Background: The outbreak of the coronavirus disease-2019 (COVID-19) has become a global public health challenge. Assessing the effect of COVID-19 on liver injury is of great importance. A systematic review and meta-analysis were conducted to establish the characteristics of liver function tests in COVID-19 patients. Methods: A systematic search of publications from December 2019 up to April 2020 in Web of Science, Scopus, and Medline (via PubMed) databases was performed. Both cross-sectional and case series studies reporting an association between liver injury and COVID-19 infection were included. The data were analyzed using the STATA software (version 11.0) and the random-effects model for I2>50% was used to pool the results. Results: In this meta-analysis, 42 articles comprising a total of 6,557 COVID-19 patients were studied. The prevalence of increase in alanine aminotransferase (ALT) and aspartate aminotransferase (AST) levels was 30% and 21% in non-severe patients and 38% and 48% in severe patients, respectively. Patients with severe COVID-19 infection were 4.22, 4.96, and 4.13 times more likely to have elevated AST, ALT, and lactate dehydrogenase (LDH) levels, respectively. Conclusion: Elevation in liver function tests was higher in patients with severe than non-severe COVID-19 infection. Given the widespread use of drugs that increases the risk of hepatotoxicity, healthcare providers should be aware of changes in liver enzymes in COVID-19 patients. The inclusion of other studies from outside China could confirm the pattern of elevation in liver function tests in COVID-19 patients across the globe. Preprint of this article is available on medRxiv, https://www.medrxiv.org/content/10.1101/2020.05.20.20108357v1.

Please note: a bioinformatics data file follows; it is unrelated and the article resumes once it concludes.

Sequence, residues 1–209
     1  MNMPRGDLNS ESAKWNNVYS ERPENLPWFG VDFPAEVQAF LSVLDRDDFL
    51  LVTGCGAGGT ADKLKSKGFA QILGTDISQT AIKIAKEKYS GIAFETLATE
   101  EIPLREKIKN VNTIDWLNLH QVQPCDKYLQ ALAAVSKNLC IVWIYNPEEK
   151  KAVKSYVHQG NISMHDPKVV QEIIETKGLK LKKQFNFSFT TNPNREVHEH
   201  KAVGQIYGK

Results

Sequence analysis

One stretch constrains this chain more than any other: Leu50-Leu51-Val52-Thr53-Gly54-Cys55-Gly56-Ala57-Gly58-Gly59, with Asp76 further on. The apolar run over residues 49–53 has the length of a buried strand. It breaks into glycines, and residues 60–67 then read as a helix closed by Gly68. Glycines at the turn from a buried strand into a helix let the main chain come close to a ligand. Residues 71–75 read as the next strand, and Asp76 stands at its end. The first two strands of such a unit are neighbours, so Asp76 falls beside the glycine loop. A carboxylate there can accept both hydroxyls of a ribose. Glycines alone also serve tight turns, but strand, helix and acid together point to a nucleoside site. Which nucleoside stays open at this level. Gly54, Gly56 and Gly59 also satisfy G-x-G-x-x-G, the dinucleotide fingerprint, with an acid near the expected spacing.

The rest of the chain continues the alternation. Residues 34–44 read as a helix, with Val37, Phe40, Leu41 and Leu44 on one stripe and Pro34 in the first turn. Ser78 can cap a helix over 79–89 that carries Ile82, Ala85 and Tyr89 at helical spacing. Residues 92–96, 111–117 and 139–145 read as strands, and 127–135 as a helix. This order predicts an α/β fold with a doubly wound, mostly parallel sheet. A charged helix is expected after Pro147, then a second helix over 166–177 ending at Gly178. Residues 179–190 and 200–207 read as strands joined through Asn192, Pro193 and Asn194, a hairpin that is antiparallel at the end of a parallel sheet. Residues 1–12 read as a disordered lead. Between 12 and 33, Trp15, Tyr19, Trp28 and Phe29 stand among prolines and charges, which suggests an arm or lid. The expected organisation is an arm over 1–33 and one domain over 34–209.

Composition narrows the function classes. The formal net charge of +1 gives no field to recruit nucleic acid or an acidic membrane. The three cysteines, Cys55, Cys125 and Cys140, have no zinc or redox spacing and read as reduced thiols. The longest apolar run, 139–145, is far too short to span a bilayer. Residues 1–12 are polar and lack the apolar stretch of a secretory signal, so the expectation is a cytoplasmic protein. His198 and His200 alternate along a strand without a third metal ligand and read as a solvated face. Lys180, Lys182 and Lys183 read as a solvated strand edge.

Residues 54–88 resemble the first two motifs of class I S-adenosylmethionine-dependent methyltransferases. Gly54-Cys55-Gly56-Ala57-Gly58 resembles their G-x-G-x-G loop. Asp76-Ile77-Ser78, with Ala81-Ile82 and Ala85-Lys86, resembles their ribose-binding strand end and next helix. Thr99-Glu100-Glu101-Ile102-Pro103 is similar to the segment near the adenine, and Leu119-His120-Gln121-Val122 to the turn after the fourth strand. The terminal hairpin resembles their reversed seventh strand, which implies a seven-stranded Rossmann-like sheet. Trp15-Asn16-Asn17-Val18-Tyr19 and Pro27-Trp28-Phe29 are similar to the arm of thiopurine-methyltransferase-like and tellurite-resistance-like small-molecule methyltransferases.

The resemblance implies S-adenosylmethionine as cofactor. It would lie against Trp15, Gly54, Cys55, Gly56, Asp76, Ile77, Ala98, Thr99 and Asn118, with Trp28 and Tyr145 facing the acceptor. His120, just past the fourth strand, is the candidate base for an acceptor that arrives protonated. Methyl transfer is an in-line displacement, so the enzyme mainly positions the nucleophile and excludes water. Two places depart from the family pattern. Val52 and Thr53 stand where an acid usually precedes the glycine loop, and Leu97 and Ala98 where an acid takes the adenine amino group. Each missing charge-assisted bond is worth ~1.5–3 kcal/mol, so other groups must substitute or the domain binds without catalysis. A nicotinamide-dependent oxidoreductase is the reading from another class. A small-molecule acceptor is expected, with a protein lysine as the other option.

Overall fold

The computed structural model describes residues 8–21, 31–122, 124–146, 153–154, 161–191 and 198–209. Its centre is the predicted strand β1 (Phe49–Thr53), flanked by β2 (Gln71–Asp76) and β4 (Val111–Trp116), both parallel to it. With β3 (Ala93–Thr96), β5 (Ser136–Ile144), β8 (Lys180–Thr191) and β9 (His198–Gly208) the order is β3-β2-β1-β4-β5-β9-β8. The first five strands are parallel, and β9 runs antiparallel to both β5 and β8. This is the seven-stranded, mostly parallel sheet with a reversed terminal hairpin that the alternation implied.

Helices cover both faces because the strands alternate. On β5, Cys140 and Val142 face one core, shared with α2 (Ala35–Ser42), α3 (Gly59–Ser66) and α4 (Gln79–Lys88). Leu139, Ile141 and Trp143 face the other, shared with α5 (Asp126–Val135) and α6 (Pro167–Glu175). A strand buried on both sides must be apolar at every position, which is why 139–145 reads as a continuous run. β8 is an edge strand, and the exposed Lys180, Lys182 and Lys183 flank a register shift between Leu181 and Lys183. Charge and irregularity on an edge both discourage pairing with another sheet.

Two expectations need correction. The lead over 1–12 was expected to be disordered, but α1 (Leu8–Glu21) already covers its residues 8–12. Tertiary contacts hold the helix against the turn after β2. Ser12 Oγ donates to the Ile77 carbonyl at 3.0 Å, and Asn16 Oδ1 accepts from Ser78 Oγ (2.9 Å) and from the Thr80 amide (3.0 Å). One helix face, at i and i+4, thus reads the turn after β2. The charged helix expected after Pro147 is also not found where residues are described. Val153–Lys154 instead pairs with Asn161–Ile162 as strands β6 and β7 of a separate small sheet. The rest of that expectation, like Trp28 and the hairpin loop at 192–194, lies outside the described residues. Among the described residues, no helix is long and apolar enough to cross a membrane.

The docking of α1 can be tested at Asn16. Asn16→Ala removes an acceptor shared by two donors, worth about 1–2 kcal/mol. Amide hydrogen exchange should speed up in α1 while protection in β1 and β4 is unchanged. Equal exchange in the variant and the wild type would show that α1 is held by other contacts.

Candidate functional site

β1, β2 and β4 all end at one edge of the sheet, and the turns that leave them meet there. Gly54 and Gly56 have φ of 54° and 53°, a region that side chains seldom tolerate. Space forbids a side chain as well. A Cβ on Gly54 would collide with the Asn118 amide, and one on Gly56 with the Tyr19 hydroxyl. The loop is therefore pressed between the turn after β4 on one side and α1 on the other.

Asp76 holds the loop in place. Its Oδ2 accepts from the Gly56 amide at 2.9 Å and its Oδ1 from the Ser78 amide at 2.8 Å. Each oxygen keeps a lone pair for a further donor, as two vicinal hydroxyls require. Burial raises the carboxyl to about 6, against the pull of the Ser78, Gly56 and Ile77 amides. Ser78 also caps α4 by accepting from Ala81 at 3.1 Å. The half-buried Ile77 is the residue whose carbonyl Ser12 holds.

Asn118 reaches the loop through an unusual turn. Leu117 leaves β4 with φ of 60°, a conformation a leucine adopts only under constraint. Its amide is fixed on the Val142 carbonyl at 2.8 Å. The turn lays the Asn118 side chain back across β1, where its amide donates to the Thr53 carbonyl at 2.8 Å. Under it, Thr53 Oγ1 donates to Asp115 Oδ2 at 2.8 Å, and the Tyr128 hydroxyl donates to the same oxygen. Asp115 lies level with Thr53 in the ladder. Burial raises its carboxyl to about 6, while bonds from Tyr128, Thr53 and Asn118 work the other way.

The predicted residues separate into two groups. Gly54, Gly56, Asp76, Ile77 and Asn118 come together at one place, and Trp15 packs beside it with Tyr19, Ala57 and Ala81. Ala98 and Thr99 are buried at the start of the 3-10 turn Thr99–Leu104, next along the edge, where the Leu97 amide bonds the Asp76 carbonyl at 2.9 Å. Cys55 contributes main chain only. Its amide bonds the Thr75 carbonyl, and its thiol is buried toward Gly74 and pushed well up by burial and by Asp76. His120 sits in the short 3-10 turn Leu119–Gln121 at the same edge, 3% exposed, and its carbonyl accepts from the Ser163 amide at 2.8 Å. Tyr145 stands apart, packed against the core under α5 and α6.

Subject(s)
COVID-19/complications , Liver Diseases/virology , Liver Function Tests , Alanine Transaminase , Aspartate Aminotransferases , Humans , L-Lactate Dehydrogenase , Liver/enzymology , Liver Diseases/epidemiology
14.
BMJ Open Gastroenterol ; 8(1)2021 05.
Article in English | MEDLINE | ID: covidwho-1388491
16.
Hepatol Commun ; 6(2): 270-280, 2022 02.
Article in English | MEDLINE | ID: covidwho-1384171

ABSTRACT